The first Palestinian killed, identified as 18-year-old Mohammed Mahmoud Sharaf, was reportedly shot dead by an Israeli settler, according to local media. Israeli police spokesperson Micky Rosenfeld told Mondoweiss that he could not confirm the events that lead to the teenager’s death, but did confirm that the 18-year-old was immediately taken for burial in his hometown in East Jerusalem moments after he was killed.

“We are investigating the reports, but have not been able to confirm exactly what happened,” Rosenfeld said.

The second Palestinian, identified as 20-year-old Mohammed Abu Ghanam, was killed by Israeli forces near the Old City of Jerusalem during ongoing clashes in the city. He was evacuated to a local hospital where a spokesperson for the Palestinian Red Crescent told Mondoweiss he was undergoing operations, however it was later confirmed that the youth had succumbed to his wounds.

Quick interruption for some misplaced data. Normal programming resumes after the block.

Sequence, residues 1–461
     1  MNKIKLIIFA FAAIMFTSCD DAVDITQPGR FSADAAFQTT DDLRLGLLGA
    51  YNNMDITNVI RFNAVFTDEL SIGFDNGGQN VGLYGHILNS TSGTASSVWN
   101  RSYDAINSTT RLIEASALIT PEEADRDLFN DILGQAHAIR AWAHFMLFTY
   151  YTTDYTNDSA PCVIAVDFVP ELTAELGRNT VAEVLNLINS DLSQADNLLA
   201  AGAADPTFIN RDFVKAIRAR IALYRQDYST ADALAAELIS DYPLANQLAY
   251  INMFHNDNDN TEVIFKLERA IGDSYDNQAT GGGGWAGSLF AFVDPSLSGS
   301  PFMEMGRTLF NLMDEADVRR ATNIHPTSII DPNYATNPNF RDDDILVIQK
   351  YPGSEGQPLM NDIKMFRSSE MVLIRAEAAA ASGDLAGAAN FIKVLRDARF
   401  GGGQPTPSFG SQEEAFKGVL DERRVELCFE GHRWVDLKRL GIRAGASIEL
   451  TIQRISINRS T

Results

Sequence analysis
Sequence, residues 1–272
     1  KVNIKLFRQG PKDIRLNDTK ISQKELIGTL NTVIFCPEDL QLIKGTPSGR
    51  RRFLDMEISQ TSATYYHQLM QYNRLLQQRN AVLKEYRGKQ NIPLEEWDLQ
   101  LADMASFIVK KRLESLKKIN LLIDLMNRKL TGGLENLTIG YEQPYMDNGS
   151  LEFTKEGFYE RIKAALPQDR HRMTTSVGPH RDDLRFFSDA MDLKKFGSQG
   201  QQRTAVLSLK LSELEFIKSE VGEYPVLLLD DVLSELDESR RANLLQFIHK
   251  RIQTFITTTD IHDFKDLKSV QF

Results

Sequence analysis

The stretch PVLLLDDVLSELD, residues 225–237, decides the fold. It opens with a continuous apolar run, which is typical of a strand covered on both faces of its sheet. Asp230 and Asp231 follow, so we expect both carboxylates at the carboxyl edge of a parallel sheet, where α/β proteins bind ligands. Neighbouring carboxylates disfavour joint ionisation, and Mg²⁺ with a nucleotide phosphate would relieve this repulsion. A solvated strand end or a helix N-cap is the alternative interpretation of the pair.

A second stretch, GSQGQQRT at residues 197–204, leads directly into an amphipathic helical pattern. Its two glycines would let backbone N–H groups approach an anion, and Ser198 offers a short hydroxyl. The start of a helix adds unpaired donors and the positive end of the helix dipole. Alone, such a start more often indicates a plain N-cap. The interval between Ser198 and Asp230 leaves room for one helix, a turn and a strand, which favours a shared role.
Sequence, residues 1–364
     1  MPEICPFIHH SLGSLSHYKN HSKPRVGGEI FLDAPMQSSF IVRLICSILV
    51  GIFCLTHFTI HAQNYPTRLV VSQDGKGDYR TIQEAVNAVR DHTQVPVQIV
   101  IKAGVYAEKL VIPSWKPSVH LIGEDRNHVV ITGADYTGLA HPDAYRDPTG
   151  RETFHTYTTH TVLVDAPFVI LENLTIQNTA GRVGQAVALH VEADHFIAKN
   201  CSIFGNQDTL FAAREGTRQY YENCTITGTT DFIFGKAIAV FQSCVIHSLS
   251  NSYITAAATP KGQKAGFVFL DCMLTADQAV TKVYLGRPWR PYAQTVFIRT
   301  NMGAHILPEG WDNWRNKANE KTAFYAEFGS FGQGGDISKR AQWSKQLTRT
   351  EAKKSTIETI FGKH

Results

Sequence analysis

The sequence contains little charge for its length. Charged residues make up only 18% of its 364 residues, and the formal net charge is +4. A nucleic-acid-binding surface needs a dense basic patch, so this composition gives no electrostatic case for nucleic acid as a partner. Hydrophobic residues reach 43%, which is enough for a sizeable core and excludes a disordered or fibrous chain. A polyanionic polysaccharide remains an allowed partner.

Video of the family lifting the 20-year-old’s remains over a stone wall surrounding the hospital quickly surfaced on social media. Because of the presence of Israeli forces investigating those injured during clashes at the hospital, the family of Abu Ghanam feared Israeli forces would confiscate the slain Palestinian’s remains, so they decided to smuggle the body out of the hospital. The video footage shows family members heaving the recently killed youth’s body over the wall in order to begin a funeral procession to his hometown’s martyrs’ cemetery.

A third Palestinian was killed during clashes in Abu Dis, a town of Jerusalem that was divided from the city by Israel’s separation wall. The teen was identified as 17-year-old Mohammed Mahmoud Khalaf.

Protesters run from tear gas in Bethlehem (Photo: Sheren Khalel)